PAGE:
By Hideyuki Sano and Ayai Tomisawa
TOKYO (Reuters) – Japan’s Nikkei share average topped the psychological 20,000-point mark on Friday for the first time in 15 years on hopes of stronger corporate earnings, and gained 2.4 percent on the week.
The Nikkei rose as high as 20,006 before ending down 0.2 percent at 19,907.63.
“Market opinion is divided over whether the 20,000 mark is just one point in a rally or a goal. Up until now, both camps were buying but from now some investors will be selling,” said Masayuki Doshida, senior market analyst at Rakuten Securities.
The rally has been driven by many factors, including hopes of higher shareholder returns, a rise in corporate earnings, a recovery in domestic consumption and more share buying, both real and imagined, by Japanese public investors.
The market expects Japanese earnings to rise 10 to 15 percent this year, but with the Nikkei already up 14 percent so far this year, some investors see limited justification to chase them much higher.
“Although we may see double-digit gains at the end of the fiscal year, companies will most likely give conservative forecasts at their full-year earnings releases (in May),” said Fumio Matsumoto, a fund manager at Dalton Capital Japan.
“That’s when the market may see a correction.”
Drugmakers, the best performers so far this year, were among leading decliners on Friday, falling 1.7 percent.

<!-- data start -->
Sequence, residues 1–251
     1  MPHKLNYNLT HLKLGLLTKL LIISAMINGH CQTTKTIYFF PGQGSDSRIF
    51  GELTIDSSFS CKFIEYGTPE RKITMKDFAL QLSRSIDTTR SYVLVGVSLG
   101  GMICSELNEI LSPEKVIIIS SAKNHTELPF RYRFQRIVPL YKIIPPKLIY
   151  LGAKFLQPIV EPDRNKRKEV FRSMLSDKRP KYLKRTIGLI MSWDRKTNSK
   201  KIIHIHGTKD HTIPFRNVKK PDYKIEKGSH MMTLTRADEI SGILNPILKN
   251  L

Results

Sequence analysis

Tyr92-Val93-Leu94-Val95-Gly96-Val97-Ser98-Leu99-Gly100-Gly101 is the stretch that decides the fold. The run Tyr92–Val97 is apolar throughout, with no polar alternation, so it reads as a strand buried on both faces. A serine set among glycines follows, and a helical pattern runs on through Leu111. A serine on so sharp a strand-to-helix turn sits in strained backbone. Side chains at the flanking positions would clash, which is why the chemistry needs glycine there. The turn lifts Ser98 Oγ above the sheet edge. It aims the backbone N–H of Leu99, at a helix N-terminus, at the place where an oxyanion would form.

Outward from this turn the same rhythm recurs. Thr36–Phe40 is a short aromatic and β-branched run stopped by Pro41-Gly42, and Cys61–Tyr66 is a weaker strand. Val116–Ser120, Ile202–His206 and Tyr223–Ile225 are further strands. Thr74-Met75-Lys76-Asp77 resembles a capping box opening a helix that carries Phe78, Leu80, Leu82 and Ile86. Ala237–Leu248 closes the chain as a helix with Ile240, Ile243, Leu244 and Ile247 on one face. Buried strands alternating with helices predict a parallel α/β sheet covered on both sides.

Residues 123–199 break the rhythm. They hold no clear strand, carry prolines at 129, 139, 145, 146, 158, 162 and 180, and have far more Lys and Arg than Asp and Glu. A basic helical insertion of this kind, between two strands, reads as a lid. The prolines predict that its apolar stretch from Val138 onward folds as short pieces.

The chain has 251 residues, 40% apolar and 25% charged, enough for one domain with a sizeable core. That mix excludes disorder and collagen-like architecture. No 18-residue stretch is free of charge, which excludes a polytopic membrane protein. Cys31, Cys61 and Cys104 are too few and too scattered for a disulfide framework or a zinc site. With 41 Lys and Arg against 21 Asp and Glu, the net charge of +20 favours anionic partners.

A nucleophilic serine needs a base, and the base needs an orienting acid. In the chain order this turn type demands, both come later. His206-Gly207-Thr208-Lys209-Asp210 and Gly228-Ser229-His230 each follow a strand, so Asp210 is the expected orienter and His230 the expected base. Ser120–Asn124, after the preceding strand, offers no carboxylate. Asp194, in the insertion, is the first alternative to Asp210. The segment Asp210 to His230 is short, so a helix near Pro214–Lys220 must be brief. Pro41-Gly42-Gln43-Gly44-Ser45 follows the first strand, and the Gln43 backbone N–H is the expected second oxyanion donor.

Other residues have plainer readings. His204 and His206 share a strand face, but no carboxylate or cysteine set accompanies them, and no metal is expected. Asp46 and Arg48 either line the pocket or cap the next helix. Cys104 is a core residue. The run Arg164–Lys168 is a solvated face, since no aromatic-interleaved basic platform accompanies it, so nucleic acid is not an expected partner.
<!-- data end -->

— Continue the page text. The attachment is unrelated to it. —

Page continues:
Astellas Pharma fell 2.6 percent. Eisai Co, which has risen 80 percent this year, dropped 5.0 percent after it said it would cut about 450 jobs, or about 25 percent of its workforce in the United States.
Fast Retailing, the operator of Uniqlo casual clothing chain, rose 2.5 percent after it raised its guidance for the year ending in August.
Ryohin Keikaku shot up 11.7 percent after the operator of Muji stores forecast solid profit growth for the year to February.
The valuation of retailers and some other domestic demand-oriented shares, such as food companies, has become high by historical standards.
But some market players say these shares are not necessarily expensive given that the prospects that Japan is exiting more than a decade of deflation mean their revenues are likely to grow even without economic growth in real terms.
The broader Topix fell 0.3 percent to 1,589.54 while the JPX-Nikkei Index 400 shed 0.4 percent to 14,456.65.
(Editing by Kim Coghill)